even when I
popped over in the middle of his sketching.
trusted me - I
saw that trust soft in his eyes, every afternoon. Mateo knew, beyond
the shadow of a duda, that he could flip his
and lay it down on the table. I would beg him to show me - but I
would put my hand in gasoline before I would touch his sketchpad sin
last time I saw
it, the closed sketchpad was on his table.
sturdy and durable - the sketchpad is bound with a wire spiral. Mateo
used expensive chalk pencils - kilometers out of his meager budget,
but softly sensuous against the toothy paper, in colors of succulent
yellow, cerulean, the magenta of perfect lips.
picture was on his iPhone. He would lay the iPhone there, pick up
pencils, shading into the faint pencil guidelines.
crouched on the broken stool, his jeans ripped where the cell phone
pushed through his pocket. Tennis shoes resting on the table shelf,
elbows propped on the table.
plays Stuck On
You from the iPad, wireless earbuds wedged in his ears as he
colors. He smears the pastel into the pitted paper with a tapered
fingers, and how gently he cradled the dying tanager, smacked by the
grill of his Honda. I suppose Mateo must remember the color of my
eyes (he teased they were "golden"), my white skin after it
developed a tan, or my faded pink shorts that ended awkwardly at my
own eyes are
colored like Orion, wrinkled by crow’s feet - the only betrayal
of his age. I used to think that's why I hurried, frantic, in
everything from washing dishes to grocery shopping. I was running a
marathon, but I could never catch up to him. A sixteen-year head
start Mateo neither wanted, nor could do anything about.
When he snapped the reference photo, I was scowling at one of his
jokes. My arms are crossed. I’m slouched in a wicker chair that
stabs a bone of bamboo into my appendix. My hair is swooped up, but
the ponytail is helpless to control my platoon of frizz. My eyes are
slitted - That isn’t funny
say to the picture taker.
his basketball jersey that day. He missed basketball practice when I
came over. (“Go play, it’s almost three,” I’d
urged him. He had grinned, pretended to get up. "How could I
play baloncesto when you're leaving in a month?")
never saw the
portrait, but I did see his reference picture. I’m wearing a
clover green T-shirt with plastic drinking cups. The caption, Proceed
to Party, is sprinkled with Saint Patrick clovers. It was my
favorite T-shirt. My lips twist at the memory.
would have done
an excellent job on the drawing. Every confession I shared, he added
details. Strokes for my flyaway frizz, shading my arms, softening
skin, deepening the flesh tones. I picture his fingers smearing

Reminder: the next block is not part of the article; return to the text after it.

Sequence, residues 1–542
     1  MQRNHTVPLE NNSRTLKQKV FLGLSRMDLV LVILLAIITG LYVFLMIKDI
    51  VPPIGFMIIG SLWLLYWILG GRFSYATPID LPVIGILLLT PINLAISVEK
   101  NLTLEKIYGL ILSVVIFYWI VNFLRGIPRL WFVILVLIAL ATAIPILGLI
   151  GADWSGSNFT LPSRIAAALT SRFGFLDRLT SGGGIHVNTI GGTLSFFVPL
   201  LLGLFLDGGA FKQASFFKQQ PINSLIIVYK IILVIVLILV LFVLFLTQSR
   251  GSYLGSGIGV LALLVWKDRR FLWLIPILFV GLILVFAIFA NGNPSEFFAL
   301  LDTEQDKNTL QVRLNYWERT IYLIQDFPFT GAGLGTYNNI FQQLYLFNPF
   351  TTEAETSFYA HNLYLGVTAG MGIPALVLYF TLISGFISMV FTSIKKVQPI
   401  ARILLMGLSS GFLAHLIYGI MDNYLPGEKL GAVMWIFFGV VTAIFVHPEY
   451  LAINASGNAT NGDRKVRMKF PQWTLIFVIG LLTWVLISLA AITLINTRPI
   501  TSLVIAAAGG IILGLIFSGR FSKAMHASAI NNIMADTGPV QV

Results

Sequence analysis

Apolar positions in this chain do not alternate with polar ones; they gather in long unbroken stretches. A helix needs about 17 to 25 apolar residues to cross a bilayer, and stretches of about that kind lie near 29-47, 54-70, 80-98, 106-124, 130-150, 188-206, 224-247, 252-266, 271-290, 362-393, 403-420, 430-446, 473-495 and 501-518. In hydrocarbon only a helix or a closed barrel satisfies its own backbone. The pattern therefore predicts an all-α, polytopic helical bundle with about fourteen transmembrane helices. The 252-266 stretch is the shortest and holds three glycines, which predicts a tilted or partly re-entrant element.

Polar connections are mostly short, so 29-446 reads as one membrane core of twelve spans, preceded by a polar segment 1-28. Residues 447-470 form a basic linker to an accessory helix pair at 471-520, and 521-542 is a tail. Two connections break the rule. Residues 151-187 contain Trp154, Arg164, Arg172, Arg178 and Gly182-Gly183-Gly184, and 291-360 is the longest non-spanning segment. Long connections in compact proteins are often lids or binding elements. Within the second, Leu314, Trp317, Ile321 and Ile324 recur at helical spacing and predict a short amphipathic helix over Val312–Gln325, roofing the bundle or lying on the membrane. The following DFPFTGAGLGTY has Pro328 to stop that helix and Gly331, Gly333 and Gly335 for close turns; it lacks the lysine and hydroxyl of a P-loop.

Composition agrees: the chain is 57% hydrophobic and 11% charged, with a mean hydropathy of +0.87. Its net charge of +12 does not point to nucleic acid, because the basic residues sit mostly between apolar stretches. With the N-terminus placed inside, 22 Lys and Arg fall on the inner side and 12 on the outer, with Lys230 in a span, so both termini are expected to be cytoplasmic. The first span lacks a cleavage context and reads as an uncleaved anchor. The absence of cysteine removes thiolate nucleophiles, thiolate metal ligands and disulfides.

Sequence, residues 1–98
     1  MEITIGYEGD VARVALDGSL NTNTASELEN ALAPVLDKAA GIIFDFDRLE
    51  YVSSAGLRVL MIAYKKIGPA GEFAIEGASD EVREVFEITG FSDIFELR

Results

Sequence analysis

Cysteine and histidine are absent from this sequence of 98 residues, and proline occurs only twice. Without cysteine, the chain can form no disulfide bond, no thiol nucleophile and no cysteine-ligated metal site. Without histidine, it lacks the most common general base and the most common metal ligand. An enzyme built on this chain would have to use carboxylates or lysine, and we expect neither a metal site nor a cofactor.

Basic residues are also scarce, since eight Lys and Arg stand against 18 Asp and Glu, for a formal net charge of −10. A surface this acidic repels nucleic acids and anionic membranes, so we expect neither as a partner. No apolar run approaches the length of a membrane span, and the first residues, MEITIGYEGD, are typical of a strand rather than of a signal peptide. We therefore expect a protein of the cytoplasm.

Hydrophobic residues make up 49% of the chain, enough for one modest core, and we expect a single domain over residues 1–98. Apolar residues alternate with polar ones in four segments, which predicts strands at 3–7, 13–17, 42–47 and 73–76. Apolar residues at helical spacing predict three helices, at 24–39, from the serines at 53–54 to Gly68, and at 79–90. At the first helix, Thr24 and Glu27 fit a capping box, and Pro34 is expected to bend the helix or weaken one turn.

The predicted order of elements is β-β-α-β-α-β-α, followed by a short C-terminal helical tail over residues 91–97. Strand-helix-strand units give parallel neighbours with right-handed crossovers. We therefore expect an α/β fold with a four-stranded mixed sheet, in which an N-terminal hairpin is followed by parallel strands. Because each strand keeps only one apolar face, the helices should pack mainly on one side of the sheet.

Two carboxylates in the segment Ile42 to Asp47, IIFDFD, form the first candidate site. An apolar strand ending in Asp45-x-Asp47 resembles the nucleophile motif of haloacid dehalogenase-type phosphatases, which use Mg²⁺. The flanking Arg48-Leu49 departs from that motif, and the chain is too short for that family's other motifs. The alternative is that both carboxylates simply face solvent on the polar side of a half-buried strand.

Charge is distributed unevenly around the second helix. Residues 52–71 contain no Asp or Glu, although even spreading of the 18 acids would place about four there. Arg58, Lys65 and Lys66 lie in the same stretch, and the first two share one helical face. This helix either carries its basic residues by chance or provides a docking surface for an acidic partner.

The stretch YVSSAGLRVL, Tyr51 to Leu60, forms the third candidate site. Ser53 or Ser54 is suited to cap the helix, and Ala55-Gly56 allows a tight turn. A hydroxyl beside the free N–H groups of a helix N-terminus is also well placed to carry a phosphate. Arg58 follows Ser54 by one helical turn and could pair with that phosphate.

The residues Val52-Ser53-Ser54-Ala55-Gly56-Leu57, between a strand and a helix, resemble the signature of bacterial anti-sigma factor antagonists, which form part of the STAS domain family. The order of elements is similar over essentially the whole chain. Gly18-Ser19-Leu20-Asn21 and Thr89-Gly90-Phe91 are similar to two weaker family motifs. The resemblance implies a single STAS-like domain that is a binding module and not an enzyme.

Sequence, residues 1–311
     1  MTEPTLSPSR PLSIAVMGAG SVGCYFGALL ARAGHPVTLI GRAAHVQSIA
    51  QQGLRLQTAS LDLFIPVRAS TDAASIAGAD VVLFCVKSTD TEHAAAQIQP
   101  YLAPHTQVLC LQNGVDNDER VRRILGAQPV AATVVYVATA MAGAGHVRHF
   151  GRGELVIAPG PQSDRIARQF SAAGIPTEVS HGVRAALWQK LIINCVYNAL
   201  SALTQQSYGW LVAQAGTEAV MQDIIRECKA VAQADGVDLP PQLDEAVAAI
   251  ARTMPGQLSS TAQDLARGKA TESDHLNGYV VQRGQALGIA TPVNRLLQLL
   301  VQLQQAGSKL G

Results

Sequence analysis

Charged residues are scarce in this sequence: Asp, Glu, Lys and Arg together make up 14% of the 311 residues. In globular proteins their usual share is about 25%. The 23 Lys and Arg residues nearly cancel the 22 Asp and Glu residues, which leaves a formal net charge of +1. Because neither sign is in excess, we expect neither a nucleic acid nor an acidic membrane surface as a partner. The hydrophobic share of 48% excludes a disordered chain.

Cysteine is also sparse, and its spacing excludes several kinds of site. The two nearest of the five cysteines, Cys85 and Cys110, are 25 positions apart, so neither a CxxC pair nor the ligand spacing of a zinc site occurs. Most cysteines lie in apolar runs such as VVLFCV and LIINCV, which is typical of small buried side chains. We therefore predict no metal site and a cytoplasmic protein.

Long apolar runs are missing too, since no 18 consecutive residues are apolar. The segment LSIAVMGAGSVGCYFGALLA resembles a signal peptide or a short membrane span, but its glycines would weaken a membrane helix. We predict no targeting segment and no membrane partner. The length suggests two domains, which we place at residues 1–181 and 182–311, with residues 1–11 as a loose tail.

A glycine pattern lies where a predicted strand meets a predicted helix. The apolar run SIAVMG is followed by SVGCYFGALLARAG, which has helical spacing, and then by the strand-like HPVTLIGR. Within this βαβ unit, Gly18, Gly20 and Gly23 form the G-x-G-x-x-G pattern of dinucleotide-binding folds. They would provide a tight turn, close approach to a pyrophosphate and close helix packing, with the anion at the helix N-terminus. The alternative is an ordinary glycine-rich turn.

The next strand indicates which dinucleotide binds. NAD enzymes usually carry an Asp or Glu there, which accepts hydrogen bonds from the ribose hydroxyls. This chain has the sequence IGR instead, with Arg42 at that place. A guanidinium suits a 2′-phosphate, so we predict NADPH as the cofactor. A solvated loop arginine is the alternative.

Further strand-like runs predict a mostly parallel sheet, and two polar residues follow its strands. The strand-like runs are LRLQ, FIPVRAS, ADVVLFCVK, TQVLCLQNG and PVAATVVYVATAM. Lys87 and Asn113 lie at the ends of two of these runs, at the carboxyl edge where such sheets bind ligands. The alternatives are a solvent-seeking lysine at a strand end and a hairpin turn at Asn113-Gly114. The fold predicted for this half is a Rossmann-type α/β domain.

pastel in that precise shade of green for my shirt. Coloring each
shamrock in mint, aqua, white, yellow. Shading the folds. Detailing
my neckline, the sewed threads. Sculpting my cheekbones in light
cream, my lips a faded sunset, my hair the color of baled hay.
me the final piece of yourself," he said without looking up from
his sketch. "I will finish the last detalle."
I told him my
brother slit his own throat, when I joked about having endless
friends, when I whispered about the cat, when I choked and my lips
died on the memories. My details became his. He sharpened his pencils
and wiped his fingers on paper towels until the toads had stopped
burping and the fountain hushed, when la abuela was
sleeping and the dogs only barked at the coatimundis.
have el retrato before you get on your plane.”
believed him - I
stared into his eyes and knew if one man could sketch a soul, it
would be Mateo. A man with his own soul cracked with eight different
fissures, like mine.
when I carried
my luggage onto the bee-yellow Spirit plane, and pushed my backpack
into the overhead compartment, it held only my crumpled clothes, my
passport, and my watercolor pan set. When I scrubbed the tears off my
face in the Florida airport with jazz belting from the speakers, my
summer tan had already faded from bloodless cheeks. The eyes Mateo
called "golden" stared back from the mirrors like dull
still remember the
sunset when the plane took off: a glorious, sickening red.
in his studio. Pencils scattered. Perhaps he stashed it in the table
drawers, or nestled it in tissue paper, sandwiched in cardboard. I
hope the edges don't curl with mold during the October rains.
am not blind, but
I never saw my soul.
the portrait is blind.
never drew my
Wallie was born and raised in Northeast Ohio. She grew up
journaling, reading every novel in the library, and entering
poetry contests. At nineteen she flew to Boquete, Panama for six
months. A year later she returned to Panama to sharpen her Spanish
skills. Annelise then moved to San Antonio, Texas to work for
Pearson Accelerated Pathways. She currently lives in San Antonio with
two sisters and a garden of sunflowers.
of the message
won't know where to send it.)